Ten Lessons I Want to Instill in My Kids

As life pushes ahead there are often things along the way we see as valuable.  I found this on Facebook this morning.  These are important lessons.  Save them somewhere for a refresher when you need it.  Your babies will be learning from you the moment they are born.  Keep what you believe to be significant close.  Live what you believe.   You will be glad you did.

Ten Lessons I Want to Instill in My Kids

If you made a mistake, apologize

If you are thankful, show it.

If you are confused, ask questions.

If you learn something, teach others.

If you are stuck, ask for help.

If you are wrong, fess up.

If you love someone, tell them.

If you trip, get back up.

If someone needs help, help them.

If you see wrong, take a stance.

One of Tim McGraws songs, ‘Humble and Kind’ fits this bill beautifully.  Find it on YouTube

Enjoy!                    JUDY

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Exercising During Pregnancy

As with so much of life, pregnancy is simply another stage.  Pre-pregnancy and postpartum (after birth) are steps in the process.  If you plan to be pregnant, doing exercises to prepare your body is a wise move.  After your baby arrives continuing to stretch, do light walking, and stress reducing exercises are a great help.  Many community centers offer mommy and me classes that provide these kinds of exercises.  This kind of time with other new mommies proves to be wonderful both physically and emotionally.  You do not feel like you are the only one dealing with whatever today’s challenge turns out to be.  Life as a new mommy can be a wild ride, doulas, friends, and family should be a big part of the fun!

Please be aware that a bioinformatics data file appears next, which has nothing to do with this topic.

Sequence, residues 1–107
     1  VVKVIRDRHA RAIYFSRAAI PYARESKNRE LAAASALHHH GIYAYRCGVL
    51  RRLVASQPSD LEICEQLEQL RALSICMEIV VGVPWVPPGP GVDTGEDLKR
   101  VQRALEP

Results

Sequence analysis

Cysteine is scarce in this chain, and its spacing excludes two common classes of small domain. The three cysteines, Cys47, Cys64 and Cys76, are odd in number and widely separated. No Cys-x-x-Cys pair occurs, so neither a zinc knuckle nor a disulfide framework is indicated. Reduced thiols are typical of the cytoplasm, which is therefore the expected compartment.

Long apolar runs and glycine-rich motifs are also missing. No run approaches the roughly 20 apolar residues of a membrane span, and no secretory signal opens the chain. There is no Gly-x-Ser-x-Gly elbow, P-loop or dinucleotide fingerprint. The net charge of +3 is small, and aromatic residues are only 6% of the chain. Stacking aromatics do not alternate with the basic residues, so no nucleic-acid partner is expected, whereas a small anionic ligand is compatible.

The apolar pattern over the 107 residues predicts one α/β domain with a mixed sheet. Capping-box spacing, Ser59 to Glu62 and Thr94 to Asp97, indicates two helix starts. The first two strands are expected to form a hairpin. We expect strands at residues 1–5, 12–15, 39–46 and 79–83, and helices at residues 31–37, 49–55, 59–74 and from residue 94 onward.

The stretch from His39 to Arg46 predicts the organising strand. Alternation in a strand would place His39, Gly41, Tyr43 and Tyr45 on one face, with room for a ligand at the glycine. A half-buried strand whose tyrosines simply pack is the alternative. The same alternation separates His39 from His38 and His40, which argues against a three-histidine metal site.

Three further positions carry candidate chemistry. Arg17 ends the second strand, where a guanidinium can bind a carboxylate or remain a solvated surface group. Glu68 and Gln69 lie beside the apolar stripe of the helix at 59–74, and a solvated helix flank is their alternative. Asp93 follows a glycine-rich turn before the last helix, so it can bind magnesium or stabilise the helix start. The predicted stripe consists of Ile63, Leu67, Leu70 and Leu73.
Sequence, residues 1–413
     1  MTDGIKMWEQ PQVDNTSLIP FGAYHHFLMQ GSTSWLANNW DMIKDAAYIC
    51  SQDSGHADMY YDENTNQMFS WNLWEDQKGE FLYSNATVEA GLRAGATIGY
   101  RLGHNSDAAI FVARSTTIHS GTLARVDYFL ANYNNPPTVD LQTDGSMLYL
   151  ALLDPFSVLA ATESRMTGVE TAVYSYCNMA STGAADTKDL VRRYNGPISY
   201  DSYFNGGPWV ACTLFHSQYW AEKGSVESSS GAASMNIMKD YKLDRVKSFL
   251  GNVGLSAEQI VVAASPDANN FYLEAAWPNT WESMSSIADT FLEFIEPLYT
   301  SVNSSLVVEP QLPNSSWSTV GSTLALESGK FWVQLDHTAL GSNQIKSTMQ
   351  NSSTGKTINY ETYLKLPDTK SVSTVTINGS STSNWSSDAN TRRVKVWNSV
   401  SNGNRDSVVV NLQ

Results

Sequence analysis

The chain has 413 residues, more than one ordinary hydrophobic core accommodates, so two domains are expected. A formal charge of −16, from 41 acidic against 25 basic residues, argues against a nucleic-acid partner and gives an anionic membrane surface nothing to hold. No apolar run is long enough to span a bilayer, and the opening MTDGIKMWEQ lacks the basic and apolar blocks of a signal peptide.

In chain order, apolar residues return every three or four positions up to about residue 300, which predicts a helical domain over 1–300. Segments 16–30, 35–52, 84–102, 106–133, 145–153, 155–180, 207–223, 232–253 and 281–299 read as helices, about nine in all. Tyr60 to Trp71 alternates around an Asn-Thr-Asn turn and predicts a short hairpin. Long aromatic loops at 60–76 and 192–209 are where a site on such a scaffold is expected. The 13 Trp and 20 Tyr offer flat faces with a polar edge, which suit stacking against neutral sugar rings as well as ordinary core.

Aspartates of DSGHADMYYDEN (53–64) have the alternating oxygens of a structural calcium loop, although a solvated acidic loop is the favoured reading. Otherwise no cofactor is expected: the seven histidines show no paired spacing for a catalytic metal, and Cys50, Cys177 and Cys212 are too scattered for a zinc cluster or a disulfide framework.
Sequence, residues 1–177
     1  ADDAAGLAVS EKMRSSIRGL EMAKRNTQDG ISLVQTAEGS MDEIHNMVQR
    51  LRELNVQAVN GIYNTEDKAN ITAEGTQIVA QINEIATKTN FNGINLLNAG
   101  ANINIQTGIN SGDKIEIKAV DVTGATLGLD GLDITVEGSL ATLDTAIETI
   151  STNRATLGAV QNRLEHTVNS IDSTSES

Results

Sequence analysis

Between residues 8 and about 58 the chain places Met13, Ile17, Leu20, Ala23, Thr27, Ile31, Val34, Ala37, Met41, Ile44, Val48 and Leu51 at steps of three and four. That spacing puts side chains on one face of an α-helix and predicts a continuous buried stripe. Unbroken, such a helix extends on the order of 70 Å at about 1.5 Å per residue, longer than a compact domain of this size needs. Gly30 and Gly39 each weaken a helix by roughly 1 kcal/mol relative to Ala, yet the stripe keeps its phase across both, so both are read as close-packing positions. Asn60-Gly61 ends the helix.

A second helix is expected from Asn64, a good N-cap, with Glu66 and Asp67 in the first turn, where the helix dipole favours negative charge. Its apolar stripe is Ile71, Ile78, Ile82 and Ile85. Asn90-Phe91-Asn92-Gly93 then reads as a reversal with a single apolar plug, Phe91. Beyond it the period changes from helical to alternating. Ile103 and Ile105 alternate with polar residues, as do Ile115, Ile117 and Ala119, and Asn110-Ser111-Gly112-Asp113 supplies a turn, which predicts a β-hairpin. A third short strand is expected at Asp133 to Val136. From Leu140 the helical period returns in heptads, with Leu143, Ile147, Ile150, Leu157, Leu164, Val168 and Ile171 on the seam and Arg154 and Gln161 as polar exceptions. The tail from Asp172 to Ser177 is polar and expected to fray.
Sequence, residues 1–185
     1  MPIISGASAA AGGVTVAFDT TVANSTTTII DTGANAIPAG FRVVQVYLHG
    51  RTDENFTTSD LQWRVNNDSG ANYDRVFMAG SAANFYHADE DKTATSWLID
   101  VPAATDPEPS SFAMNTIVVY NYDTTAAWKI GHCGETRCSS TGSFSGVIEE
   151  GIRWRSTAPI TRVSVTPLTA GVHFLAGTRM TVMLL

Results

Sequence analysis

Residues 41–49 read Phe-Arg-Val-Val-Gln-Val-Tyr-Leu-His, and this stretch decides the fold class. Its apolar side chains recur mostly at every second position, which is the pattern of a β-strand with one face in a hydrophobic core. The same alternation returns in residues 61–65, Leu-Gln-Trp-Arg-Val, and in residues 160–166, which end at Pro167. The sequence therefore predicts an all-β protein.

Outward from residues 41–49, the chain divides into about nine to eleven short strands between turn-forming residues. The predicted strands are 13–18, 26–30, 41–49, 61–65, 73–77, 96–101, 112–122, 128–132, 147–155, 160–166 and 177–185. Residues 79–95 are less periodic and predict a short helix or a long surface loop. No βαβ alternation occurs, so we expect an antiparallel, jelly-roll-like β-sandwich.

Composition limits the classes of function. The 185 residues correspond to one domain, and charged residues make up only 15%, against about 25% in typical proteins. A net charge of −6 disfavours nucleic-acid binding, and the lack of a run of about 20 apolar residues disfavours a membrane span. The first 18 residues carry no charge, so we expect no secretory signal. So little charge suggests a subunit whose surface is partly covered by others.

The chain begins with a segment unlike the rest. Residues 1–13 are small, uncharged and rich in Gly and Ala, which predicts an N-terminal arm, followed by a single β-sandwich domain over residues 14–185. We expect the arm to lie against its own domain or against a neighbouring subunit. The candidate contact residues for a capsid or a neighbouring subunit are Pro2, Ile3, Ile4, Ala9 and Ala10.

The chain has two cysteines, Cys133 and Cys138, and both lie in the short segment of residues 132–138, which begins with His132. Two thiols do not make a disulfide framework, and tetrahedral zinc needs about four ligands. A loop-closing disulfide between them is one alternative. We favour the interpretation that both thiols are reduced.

What most doctors will tell you is continue exercising at the level to which you are accustomed (through most of your pregnancy).  This means, if you are already a regular tennis player, continue, carefully.  I remember with my third pregnancy, it wasn’t that I was ready to stop playing tennis at eight months, it was that no one else wanted to play with me for fear of causing me to fall.  Do not take up a possibly injurious sport like tennis or biking after you become pregnant.  Leave that for later.  However, continue what you are already doing.  If you have questions talk with your OB, midwife, or physical therapist.  The goal is to keep moving.  Take the stairs instead of the elevator.  Go slow, but keep moving.  Walking is the best. Swimming is the same kind of opportunity, very low risk for injury, exercises your entire body, feels great!  Keep cool…..  enjoy!

JUDY

 

Exercising During Pregnancy

https://www.pregnancybirthbaby.org.au/exercising-during-pregnancy

Doing regular physical activity has health benefits during pregnancy and also helps to prepare the body for childbirth. However, it is important to modify or choose a suitable exercise program because pregnancy affects the body’s response to exercise.            Exercising during your pregnancy doesn’t have to be strenuous to be beneficial.                 Be sensible about the level of exercise that you do. Consult your OB, midwife, physiotherapist or healthcare professional to make sure the exercise routine is not harmful for you or your baby. If the pregnancy is complicated (such as expecting more than one baby, high blood pressure, heart disease, pre-eclampsia, or risk of premature births) it is best to talk with your specialist.

Exercise tips